Tuesday, July 31, 2007

Russian Consul General: CFE Treaty “Hopelessly Outdated”

In case you missed it, Russian consul general in San Francisco, Vladimir Vinokurov, wrote an interesting op-ed on Saturday defending his country’s decision to suspend its participation in the Treaty on Conventional Armed Forces in Europe (CFE Treaty).

Referring to the CFE Treaty as “hopelessly outdated,” Vinokurov argues that while Russia has been “strictly abiding by the letter and the spirit” of the treaty for years, its Western partners, by contrast, have shown “a lack of reciprocity.”

Vinokurov then outlines his case and provides a list of conditions “necessary for restoring the viability of the CFE Treaty,” including:

…the return of Estonia, Latvia and Lithuania into the Treaty context; the reduction of the ceilings and holdings of Treaty-limited equipment for NATO countries in order to compensate for the expansion of the NATO alliance; the abolition of "flank" restrictions on Russian territory; working out a common understanding of the term "substantial combat forces" that have appeared in Europe on the NATO side; the coming into force or at least provisional application of the Adapted Treaty no later than July 1, 2008.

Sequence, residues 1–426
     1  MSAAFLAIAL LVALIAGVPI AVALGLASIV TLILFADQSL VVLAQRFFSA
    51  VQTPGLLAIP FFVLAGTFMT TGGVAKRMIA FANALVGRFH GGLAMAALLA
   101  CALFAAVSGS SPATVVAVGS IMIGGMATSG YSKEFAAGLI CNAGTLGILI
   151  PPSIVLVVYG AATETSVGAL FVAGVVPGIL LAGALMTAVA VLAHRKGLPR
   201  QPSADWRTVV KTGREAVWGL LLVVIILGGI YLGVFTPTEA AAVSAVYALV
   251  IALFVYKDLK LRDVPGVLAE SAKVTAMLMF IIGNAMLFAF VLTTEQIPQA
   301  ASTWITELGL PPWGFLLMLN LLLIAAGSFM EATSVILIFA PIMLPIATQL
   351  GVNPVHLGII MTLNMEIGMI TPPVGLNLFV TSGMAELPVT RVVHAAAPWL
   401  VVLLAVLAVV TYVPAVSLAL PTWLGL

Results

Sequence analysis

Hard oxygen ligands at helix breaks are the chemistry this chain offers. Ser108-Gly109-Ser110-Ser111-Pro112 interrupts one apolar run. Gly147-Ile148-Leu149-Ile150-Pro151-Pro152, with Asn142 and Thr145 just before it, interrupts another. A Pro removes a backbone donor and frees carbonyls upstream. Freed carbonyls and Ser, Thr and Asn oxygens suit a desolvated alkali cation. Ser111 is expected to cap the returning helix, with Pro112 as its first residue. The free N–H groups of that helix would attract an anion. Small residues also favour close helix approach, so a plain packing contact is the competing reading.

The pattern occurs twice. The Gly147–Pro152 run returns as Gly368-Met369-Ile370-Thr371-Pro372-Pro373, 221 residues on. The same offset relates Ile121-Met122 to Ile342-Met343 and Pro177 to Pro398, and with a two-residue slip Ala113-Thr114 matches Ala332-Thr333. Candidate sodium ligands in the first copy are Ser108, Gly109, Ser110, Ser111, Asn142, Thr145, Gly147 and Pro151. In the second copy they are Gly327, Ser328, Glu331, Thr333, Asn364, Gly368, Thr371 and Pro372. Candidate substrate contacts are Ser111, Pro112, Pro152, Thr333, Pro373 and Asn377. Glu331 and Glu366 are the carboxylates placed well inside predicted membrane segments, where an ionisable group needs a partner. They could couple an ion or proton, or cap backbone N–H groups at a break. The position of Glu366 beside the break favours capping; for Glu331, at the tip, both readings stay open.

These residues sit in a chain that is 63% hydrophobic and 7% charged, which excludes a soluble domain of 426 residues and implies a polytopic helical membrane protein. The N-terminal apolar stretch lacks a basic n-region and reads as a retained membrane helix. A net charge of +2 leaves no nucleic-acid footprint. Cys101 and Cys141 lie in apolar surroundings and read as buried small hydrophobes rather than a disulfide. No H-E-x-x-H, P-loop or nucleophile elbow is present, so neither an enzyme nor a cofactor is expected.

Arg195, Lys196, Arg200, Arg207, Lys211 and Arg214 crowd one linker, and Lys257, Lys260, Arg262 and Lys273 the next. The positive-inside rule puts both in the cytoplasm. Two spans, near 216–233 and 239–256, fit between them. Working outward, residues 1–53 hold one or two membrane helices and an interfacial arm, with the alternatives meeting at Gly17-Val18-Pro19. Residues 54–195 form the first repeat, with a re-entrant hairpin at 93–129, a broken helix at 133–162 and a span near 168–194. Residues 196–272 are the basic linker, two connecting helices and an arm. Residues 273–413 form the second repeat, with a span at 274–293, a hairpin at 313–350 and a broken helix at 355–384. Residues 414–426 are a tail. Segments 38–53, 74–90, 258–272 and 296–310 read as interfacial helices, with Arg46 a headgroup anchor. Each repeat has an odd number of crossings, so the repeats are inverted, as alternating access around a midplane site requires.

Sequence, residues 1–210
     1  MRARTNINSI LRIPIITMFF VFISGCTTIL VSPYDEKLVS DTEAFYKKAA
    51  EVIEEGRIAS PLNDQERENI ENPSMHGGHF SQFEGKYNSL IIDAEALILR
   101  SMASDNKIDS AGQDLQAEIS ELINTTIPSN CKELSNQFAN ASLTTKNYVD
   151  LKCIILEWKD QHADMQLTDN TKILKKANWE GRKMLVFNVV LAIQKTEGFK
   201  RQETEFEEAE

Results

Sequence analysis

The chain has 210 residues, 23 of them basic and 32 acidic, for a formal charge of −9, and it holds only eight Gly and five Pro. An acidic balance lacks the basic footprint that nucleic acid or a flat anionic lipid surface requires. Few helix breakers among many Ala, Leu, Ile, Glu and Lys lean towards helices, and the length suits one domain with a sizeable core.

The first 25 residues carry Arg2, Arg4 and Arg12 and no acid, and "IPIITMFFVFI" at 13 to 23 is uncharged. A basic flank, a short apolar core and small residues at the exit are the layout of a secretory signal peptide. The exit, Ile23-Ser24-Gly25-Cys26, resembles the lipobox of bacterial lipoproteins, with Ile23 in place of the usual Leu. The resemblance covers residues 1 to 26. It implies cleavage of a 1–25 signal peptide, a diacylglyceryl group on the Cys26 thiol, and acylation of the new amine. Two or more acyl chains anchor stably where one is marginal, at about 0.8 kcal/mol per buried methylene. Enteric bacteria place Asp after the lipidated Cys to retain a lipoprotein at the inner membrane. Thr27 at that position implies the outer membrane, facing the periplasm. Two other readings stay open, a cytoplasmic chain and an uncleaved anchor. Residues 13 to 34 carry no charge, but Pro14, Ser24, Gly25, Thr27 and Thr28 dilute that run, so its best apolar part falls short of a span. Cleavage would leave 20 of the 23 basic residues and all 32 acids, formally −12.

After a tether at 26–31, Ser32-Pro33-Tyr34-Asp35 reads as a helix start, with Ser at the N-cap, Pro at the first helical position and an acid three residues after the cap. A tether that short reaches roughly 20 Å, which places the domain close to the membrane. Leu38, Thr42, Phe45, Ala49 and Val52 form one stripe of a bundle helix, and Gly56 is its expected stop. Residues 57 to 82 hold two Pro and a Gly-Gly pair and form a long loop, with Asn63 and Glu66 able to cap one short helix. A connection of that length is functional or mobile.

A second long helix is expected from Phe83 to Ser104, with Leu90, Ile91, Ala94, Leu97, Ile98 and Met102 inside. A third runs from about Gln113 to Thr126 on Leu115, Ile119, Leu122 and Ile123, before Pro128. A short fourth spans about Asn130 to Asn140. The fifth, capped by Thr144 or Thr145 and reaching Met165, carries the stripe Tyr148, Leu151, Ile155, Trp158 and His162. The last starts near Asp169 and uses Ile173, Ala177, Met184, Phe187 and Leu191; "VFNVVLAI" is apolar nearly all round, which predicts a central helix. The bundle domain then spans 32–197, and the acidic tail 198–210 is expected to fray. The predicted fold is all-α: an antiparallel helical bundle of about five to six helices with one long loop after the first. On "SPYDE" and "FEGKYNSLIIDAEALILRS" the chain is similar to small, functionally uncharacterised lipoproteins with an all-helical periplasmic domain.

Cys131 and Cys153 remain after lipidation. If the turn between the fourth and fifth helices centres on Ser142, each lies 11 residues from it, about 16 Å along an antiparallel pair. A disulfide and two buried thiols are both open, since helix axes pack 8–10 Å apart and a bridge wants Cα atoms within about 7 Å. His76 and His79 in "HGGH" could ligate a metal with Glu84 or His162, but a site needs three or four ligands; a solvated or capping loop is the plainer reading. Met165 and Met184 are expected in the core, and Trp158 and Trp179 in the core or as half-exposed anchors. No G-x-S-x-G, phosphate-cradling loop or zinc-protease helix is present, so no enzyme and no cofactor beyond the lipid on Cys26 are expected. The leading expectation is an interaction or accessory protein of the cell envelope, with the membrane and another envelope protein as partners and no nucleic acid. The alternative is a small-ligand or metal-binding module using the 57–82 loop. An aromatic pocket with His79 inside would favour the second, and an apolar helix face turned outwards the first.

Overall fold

But it is an understated yet important point that Vinokurov makes early on that leaves me skeptical of his otherwise seemingly reasonable catalogue of demands.

In mentioning what the suspension of the CFE Treaty means in practical terms, he states:

Russia also will no longer be bound by any limits on conventional armament. But the real holdings of Russian military equipment will depend on the evolution of the situation, particularly on the readiness of the other states party to the CFE Treaty to show adequate restraint from installing missile bases.

In other words, an only slightly veiled threat that Russia might expand its military if other countries (e.g. Poland and the Czech Republic) allow the installation of missile defense bases.

No comments: